As stated, the initial step (Step 50) includes packaging a medical device and a temperature indicator within a sterile container. In this exemplary embodiment, the medical device contains a temperature-sensitive sensor. Typically, such medical devices are required to be calibrated at a specific temperature immediately prior to use. Furthermore, the sterility of such devices must be maintained up to and during such calibration steps. These sensors can include pressure sensors, temperature sensors, pH sensors, oxygen sensors, or any other type of sensors.

In an exemplary embodiment, the device can be one of the embodiments of implantable shunt devices having pressure sensors as disclosed in assignee's co-pending U.S. patent applicant Ser. No. 10/907,665, filed on Apr. 11, 2005, entitled “Pressure Sensing Devices,” the entirety of which is incorporated herein by reference. As shown FIG. 2, such a device 16 can be placed in communication with a patient's ventricle so as to measure an intra-ventricular pressure. Due to the invasive nature of such devices, maintaining the sterility of the device 16 up to the point of implantation is important. Furthermore, in order to accurately utilize the device 16, the implantable pressure device 16, and in particular its pressure sensor, needs to be zeroed at body temperature immediately prior to implantation.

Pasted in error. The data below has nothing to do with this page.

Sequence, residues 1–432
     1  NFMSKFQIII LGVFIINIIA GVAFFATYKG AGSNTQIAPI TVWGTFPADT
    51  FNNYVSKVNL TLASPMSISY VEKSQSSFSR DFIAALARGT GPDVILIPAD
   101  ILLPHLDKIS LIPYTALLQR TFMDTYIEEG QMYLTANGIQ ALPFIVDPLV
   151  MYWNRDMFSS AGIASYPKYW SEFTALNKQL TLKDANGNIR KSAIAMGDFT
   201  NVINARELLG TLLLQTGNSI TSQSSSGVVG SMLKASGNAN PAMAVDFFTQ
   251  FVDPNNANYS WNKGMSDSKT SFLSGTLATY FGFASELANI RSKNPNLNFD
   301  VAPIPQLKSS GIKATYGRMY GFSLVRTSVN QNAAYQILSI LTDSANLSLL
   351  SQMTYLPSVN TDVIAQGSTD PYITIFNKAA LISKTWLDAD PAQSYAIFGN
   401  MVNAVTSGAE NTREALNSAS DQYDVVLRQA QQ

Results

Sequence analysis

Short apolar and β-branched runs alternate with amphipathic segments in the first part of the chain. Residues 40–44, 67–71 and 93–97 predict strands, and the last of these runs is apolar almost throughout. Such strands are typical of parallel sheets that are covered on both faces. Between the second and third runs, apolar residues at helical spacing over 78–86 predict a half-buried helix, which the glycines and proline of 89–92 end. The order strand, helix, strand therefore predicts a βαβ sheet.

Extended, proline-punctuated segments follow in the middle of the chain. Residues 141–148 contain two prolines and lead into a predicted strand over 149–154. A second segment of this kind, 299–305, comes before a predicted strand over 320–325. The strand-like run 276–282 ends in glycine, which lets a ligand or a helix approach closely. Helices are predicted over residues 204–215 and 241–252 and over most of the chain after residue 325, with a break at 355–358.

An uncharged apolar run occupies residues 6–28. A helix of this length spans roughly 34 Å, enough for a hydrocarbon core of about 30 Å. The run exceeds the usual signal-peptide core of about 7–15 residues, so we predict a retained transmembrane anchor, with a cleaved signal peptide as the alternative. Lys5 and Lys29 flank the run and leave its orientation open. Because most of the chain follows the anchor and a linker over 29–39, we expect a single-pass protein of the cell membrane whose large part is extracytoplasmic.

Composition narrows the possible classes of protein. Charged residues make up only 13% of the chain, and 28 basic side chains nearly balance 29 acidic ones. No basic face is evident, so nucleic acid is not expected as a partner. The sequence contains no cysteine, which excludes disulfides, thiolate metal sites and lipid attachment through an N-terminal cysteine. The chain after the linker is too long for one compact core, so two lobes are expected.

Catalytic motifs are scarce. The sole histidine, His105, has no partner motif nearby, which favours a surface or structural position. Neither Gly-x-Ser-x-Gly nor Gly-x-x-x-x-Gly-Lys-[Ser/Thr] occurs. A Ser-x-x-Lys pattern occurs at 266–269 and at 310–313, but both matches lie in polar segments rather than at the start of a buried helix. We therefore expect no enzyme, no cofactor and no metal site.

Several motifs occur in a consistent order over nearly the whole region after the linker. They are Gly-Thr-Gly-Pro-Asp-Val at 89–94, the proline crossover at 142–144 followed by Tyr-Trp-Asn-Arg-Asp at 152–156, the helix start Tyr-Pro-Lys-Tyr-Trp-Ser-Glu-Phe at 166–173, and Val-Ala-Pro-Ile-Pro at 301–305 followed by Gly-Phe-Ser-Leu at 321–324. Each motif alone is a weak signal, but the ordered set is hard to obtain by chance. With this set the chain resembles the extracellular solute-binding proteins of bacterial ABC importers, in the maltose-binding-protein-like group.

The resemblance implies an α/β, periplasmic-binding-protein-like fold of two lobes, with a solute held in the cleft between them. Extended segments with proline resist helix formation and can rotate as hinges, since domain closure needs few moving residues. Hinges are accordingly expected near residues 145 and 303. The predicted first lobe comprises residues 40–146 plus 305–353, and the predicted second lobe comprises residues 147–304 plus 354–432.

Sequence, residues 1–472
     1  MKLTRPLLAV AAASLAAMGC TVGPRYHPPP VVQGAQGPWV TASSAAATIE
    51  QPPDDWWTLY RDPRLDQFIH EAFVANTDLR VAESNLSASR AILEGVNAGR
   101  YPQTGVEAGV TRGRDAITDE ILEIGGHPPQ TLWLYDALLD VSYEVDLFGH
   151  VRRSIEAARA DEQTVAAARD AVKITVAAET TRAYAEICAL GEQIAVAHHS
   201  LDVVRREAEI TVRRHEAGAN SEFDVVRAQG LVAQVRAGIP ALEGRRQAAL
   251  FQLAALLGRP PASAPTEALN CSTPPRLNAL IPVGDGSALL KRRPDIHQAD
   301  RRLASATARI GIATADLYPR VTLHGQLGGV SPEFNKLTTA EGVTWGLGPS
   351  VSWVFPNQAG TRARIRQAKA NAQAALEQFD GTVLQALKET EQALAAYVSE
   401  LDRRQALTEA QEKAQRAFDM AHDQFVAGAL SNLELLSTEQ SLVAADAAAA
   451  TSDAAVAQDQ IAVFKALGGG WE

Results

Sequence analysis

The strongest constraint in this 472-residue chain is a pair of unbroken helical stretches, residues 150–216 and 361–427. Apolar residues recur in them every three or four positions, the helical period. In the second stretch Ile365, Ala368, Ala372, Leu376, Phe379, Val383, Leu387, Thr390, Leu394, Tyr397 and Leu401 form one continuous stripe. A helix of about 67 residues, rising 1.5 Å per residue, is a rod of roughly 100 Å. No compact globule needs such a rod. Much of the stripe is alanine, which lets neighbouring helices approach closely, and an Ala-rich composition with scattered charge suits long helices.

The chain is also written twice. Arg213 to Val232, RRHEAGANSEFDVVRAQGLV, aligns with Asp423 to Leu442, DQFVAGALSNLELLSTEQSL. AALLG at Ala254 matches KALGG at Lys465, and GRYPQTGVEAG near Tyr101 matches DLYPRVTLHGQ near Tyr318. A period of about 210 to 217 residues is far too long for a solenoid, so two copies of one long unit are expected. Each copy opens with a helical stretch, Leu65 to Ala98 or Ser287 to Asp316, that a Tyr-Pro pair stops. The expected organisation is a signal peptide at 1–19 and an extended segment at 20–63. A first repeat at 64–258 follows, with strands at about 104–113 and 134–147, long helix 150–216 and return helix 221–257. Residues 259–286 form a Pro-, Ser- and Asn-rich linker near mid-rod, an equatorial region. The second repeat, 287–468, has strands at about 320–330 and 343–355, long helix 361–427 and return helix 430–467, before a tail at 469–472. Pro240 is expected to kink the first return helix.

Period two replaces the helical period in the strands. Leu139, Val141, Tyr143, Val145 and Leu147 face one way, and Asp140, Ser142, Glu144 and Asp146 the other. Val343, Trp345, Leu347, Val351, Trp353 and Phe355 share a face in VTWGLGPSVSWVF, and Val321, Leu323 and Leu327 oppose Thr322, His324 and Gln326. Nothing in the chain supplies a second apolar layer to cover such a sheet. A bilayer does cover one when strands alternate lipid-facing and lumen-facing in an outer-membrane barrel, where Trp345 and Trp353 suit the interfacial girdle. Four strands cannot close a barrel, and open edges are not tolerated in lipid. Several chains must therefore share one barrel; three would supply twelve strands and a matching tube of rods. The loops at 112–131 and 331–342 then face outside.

FIGS. 3A and 3B provide an exemplary embodiment of such an implantable device capable of being utilized with the presently disclosed kit or method. As such, a pressure sensor assembly 206 is shown that can be disposed within a valve housing of an implantable shunt or valve 200 that can be used to control fluid flow. The exemplary valve 200 can be used alone or in combination with a pressure sensor assembly that is disposed in the distal portion of a ventricular catheter, and/or other pressure sensor assemblies disposed upstream or downstream of the valve 200.